Not every aircraft owner wants their aircraft registered in their home country, notes Dave Higdon. For those seeking an alternative registration - specifically, a US 'N'-number - putting the airplane into an aircraft trust can offer financial, maintenance & tax benefits.
Owners and operators in more than 127 countries understand the benefits of a US registration through Aircraft Guaranty Corporation (AGC), a legally qualified provide of aircraft trusts for more than 28 years. AGC specializes in aircraft trusts and registering the aircraft on behalf of those seeking the N-number registration.
Aircraft trusts are legal agreements in which a qualified trustee owns an aircraft on behalf of an actual owner. The trustee acts on behalf of the actual owner (beneficiary), but it's the trustee's name on the aircraft title and registration.
Indeed, aircraft trusts help keep AGC owner Debbie Mercer-Erwin busy working with trist agents in more than a dozen countries while provididng parallel benefits of being a 'one-stop shop' for transactions and registrations through Wright Brothers Aircraft Title (WBAT), the company she started 15 years ago.
WBAT and AGC are co-located at Oklahoma City, Oklahoma where the FAA maintains the US aircraft and airment registries. Mercer-Erwin acquired AGC two years ago, upgrading the company's services and technologies to strealine the processes for clients of bothe companies. And that's particularly useful for those who need the expertise of both.
Trusteeship: No Simple Avenue
The hard truth is that many companies offering trust services are not legally authorized to do so, Mercer-Erwin explained. The FAA doesn't vet entities applying for registration as a Trustee.
By law, Corporate Trustees must gain their authority from either a state banking commission or by a court in the company's state of incorporation - and, those trust powers must be granted in the ir Articles of Incorporation.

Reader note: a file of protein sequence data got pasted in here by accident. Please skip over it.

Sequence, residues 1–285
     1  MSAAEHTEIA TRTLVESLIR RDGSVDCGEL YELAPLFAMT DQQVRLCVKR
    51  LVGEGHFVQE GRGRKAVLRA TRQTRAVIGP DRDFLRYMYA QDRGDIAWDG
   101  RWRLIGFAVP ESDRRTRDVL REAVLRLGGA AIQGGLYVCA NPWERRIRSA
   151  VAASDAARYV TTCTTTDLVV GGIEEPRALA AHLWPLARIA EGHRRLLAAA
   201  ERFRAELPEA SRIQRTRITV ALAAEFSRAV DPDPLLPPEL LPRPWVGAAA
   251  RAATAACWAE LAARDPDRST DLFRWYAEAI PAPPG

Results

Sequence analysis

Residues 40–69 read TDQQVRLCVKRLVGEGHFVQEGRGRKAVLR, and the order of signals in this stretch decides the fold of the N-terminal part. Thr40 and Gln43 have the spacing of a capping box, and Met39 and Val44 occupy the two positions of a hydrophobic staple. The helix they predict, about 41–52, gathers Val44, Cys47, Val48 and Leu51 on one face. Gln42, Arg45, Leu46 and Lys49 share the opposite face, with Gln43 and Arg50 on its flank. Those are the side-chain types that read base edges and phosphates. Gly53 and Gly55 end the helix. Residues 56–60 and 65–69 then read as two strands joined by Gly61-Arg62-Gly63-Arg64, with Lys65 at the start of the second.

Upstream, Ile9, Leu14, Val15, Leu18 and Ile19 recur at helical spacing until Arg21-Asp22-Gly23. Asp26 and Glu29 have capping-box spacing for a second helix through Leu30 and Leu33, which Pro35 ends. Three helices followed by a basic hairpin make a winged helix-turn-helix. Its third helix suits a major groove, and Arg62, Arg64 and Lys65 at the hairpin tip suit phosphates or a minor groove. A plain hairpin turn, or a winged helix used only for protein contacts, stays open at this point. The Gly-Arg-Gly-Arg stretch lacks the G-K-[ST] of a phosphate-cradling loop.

Because the FAA doesn't require verifiable state government-issued prrof of this authority, many companies with the words 'Trust' or 'Trustee' in their name register aircraft in trust without the legal authority to perform that service. To protect the integrity of the Trust, Mercer-Erwin says owners should insist on documentation of the woul-be Trustee's legal authority.
Aircraft Guaranty Learning New Tricks
Aircraft Guaranty provides US and International clients with ownership entities and structures that can help solve no-citizen issues, allowing foreign entities to register their aircraft with the FAA. Since entering this business AGC has registered more than 2,000 aircraft forclients from more than 160 different countries.
Although she only acquired AGC in 2015, Mercer-Erwin has worked hard to give AGC the technology she used to build Wright Brothers into a major player; and Mercer-Erwin has upped the game for both since she purchased AGC.
"The transition has gone really well", she tells GA Buyer Europe. "With Wright Brothers being in OKC and AGC in Texas, it made it all a smooth transaction. Now we're consolidated the two staffs here in Oklahoma City, which helped us become a one-stop shop. Having everything in one room have been a great advantage."